Weare (2014) summarising the evidence for the impact of Mindfulness on the wellbeing and performance of school staff in the UK reported on the positive impact on mindfulness studies in the following areas; physical health and well being, stress and mental health, positive well being and improved emotional and social capacities.

A review of the evidence of the impact of mindfulness teaching world-wide in schools reported that early research suggests that mindfulness in the classroom has the potential to improve classroom management skills, student-teacher relationships, and to enhance student and staff wellbeing (Albrecht et al, 2012).

Mindfulness can help teachers reduce their stress levels, improve self-esteem and foster wellbeing in the school culture. Chang (2009) has looked specifically at the difficulty of ‘teacher burnout’ (pg193) and the high levels of emotional exhaustion of teachers in America. Burnout is defined as “an erosion of engagement that what started out as important, meaningful, and challenging work becomes unpleasant, unfulfilling, and meaningless” (Maslach et al, 2001 p.416; in Chang, 2009). Chang (2009) argues that teachers face repeated difficulties that then develop into habitual patterns of judgements, about their role, the students, and teaching tasks and management. Therefore teachers who experience emotional difficulty get into a continual cycle of habitual patterns of emotional stress and exhaustion.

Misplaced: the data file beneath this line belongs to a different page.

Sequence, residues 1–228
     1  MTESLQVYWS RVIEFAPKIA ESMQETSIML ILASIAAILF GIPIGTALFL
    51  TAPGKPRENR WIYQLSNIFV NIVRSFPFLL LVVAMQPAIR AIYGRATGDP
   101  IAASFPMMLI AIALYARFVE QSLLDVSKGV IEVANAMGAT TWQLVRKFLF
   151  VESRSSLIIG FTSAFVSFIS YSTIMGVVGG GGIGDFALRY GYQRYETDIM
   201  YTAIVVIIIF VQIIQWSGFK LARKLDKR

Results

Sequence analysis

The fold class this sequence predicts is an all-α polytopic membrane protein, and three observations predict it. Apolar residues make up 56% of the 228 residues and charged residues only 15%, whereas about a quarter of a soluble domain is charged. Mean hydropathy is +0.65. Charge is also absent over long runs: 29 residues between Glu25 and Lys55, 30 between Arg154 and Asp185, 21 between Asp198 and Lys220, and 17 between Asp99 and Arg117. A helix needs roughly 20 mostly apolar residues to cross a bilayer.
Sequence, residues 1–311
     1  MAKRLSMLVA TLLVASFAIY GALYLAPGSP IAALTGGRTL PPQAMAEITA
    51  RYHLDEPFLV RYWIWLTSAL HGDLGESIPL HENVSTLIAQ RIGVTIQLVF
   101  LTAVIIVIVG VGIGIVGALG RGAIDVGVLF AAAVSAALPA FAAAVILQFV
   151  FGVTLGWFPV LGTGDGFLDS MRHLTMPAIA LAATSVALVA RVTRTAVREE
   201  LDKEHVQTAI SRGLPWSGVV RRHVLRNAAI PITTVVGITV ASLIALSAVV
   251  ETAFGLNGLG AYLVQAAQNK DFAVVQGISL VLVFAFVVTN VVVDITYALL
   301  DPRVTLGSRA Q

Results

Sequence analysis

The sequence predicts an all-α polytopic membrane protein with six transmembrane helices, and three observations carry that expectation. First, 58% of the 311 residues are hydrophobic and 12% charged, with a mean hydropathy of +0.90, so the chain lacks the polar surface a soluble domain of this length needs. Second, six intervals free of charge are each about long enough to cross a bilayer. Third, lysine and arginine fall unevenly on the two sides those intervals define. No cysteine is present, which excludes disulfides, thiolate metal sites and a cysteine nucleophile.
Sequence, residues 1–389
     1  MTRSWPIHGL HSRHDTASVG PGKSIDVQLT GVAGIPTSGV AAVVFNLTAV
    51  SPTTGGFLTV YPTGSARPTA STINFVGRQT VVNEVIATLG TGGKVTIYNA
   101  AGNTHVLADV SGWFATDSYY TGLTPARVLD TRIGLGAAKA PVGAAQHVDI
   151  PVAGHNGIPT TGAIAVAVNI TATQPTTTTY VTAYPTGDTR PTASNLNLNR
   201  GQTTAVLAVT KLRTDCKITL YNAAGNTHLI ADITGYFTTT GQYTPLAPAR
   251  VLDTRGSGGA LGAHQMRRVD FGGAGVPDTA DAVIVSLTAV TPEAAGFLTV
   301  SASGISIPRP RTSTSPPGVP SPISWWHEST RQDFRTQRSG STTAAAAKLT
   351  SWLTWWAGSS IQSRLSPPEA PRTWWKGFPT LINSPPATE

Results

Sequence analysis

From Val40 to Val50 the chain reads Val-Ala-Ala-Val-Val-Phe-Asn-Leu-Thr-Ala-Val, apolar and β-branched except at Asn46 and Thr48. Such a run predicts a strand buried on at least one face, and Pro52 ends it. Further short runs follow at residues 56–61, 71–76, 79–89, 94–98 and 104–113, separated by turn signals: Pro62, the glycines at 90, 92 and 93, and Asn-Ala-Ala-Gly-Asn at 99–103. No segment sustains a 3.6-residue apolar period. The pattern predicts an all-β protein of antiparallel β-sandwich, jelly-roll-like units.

The argument is that if teachers had more emotional awareness of themselves, and could regulate their emotions effectively they could develop effective coping strategies and change these habits (Chang, 2009). Roeser et al (2012) provide evidence that a mindfulness training intervention for teachers can develop more positive habits of mind, arguing that traditionally the profession does not prepare teachers for the emotionally demanding nature of the work. Their research on several current interventions concludes that mindfulness can lead to more personal emotional regulation of the mind leading to improved states of mind, and emotional regulation including management skills. The impact of this is improved occupational health and wellbeing in the teacher, which also leads to building a more positive teacher student relationship (Roeser et al, 2012).

 

Extract taken from paper written by Dr Sheila French (  MSc. Aberdeen University 2015)